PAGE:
No matter where you look, Orgosolo’s walls are covered in very special drawings and paintings. These murals have made the village famous far beyond Sardinia. They emerged in 1968 and spread to a great extent in later years. They predominantly served as social commentary on and protest of global politics. Some murals question the unnecessary civilian victims during the overthrow of Saddam Hussein, others criticise the embezzlement of reconstruction funds by corporate CEOs. The murals survived the weather and renovations rather well.
Bastion of Saint Remy
Tourists and locals meet at the Bastion of Saint Remy. They enjoy the marvellous view and spend their spare time here. Cafés, skate grounds, open air classes, concerts, the artists’ market on Sunday mornings – you have to stop by Saint Remy when you’re in Cagliari. It was once the site of a Piedmontese bastion that was converted into this grand platform with two neo-classical panorama terraces in 1909. Today’s Bastion is widely considered as one of the most beautiful places in all of Sardinia.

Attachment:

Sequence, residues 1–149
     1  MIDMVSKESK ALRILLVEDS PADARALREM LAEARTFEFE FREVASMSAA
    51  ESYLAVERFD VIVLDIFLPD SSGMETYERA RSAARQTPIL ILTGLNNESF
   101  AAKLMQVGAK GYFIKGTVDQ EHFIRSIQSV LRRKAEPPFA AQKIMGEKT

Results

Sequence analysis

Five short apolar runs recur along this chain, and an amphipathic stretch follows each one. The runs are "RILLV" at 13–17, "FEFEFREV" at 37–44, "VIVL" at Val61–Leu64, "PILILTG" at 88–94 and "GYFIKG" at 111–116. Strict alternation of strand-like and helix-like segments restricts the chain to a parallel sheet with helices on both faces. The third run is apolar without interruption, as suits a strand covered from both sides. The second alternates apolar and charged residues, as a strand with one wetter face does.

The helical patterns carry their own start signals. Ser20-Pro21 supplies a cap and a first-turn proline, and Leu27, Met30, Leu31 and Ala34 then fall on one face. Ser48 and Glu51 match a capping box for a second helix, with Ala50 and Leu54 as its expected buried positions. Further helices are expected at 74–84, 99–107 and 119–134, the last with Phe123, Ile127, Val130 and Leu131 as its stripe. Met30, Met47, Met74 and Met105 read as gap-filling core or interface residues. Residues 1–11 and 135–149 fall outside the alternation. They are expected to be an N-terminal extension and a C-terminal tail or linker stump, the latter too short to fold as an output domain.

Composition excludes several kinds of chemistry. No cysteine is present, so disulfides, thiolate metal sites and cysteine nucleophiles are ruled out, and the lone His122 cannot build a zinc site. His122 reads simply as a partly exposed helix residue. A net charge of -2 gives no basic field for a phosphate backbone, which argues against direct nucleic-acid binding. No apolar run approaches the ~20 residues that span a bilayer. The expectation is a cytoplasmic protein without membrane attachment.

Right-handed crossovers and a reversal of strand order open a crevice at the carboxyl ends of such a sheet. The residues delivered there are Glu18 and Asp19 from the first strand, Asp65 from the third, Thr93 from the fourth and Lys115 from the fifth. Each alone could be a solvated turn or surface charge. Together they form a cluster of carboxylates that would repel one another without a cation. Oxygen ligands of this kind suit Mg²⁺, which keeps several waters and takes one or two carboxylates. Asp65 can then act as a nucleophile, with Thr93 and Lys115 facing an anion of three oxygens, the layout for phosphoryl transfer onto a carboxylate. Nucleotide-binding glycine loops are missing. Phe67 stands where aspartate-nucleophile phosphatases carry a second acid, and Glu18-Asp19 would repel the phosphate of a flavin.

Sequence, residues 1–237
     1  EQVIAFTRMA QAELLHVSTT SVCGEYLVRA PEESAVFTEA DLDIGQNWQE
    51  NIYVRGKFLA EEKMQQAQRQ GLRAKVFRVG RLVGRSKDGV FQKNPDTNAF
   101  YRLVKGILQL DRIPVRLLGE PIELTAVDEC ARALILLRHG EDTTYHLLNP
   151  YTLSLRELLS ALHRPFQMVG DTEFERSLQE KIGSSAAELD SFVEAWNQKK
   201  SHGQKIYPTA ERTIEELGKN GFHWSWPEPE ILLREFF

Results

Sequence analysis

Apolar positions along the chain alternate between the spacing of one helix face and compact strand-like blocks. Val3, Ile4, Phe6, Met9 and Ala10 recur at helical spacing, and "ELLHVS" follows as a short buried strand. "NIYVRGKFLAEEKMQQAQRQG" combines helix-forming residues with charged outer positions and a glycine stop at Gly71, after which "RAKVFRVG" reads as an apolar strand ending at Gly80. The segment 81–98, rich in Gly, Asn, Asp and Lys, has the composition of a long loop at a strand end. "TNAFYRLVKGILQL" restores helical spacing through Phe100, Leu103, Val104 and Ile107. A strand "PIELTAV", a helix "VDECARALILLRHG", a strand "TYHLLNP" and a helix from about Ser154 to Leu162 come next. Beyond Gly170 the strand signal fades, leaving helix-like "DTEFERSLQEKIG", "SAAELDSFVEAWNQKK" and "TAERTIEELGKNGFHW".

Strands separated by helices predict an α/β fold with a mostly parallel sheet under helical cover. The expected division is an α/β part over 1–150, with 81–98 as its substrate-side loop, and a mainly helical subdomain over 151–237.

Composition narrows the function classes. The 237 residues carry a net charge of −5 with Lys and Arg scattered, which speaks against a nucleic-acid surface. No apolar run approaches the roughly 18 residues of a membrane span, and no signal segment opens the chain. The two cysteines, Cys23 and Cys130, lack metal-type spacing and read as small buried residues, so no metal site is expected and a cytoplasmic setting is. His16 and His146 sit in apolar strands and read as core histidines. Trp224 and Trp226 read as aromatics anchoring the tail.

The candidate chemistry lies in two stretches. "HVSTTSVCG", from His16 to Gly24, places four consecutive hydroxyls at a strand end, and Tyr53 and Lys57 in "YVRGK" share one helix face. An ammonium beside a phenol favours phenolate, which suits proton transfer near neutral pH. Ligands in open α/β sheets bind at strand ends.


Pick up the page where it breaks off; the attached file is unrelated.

Even from afar your gaze falls on the castle rising high above the cape. Castelsardo, founded over 900 years ago by the Doria family from Genua, retained most of its original charm. Aside from the impressive Aragonese castle, you get to see a gorgeous cathedral that, despite numerous renovations, still possesses parts of its original 16th century building during your walk. There’s also the approx. five-metre-high Elephant’s Rock that indeed looks like an elephant from a certain angle.
There’s a sheer abundance of beaches in Sardinia, yet there are certain spots that are absolutely worth going the extra mile. Cala Goloritzé is waiting for you in Baunei in the eastern part of the island. You can only reach this very special beach by boat or after a long hike. It was formed by a landslide in 1962 and has since been declared “Italian National Monument”. Its natural arch, the high top above the bay and the fine sandy beach covered in white pebbles make dreams come true.
Santissima Trinità di Saccaragia
This abbey church is one of the most important examples of 12th century Romanesque-Pisane architecture. According to legend, a cow once kneeled down for prayer on this very spot, hence the name “sa acca argia” (Eng. “the speckled cow”). You can already see its shining black trachyte and white limestone stripes from afar. The frescoes with clear Byzantine influence in the central apse are unique for Sardinia. A cow capital inspired by the legend can be seen on the face of the church next to many other figurines.
Wherever you feel like going on this island, Sardinia’s always worth the journey. After all, where else can you see everything from prehistory to cultural marvels to natural perfection in one place? If you’re interested in more Italian travel destinations, ZAINOO’s the right place for you!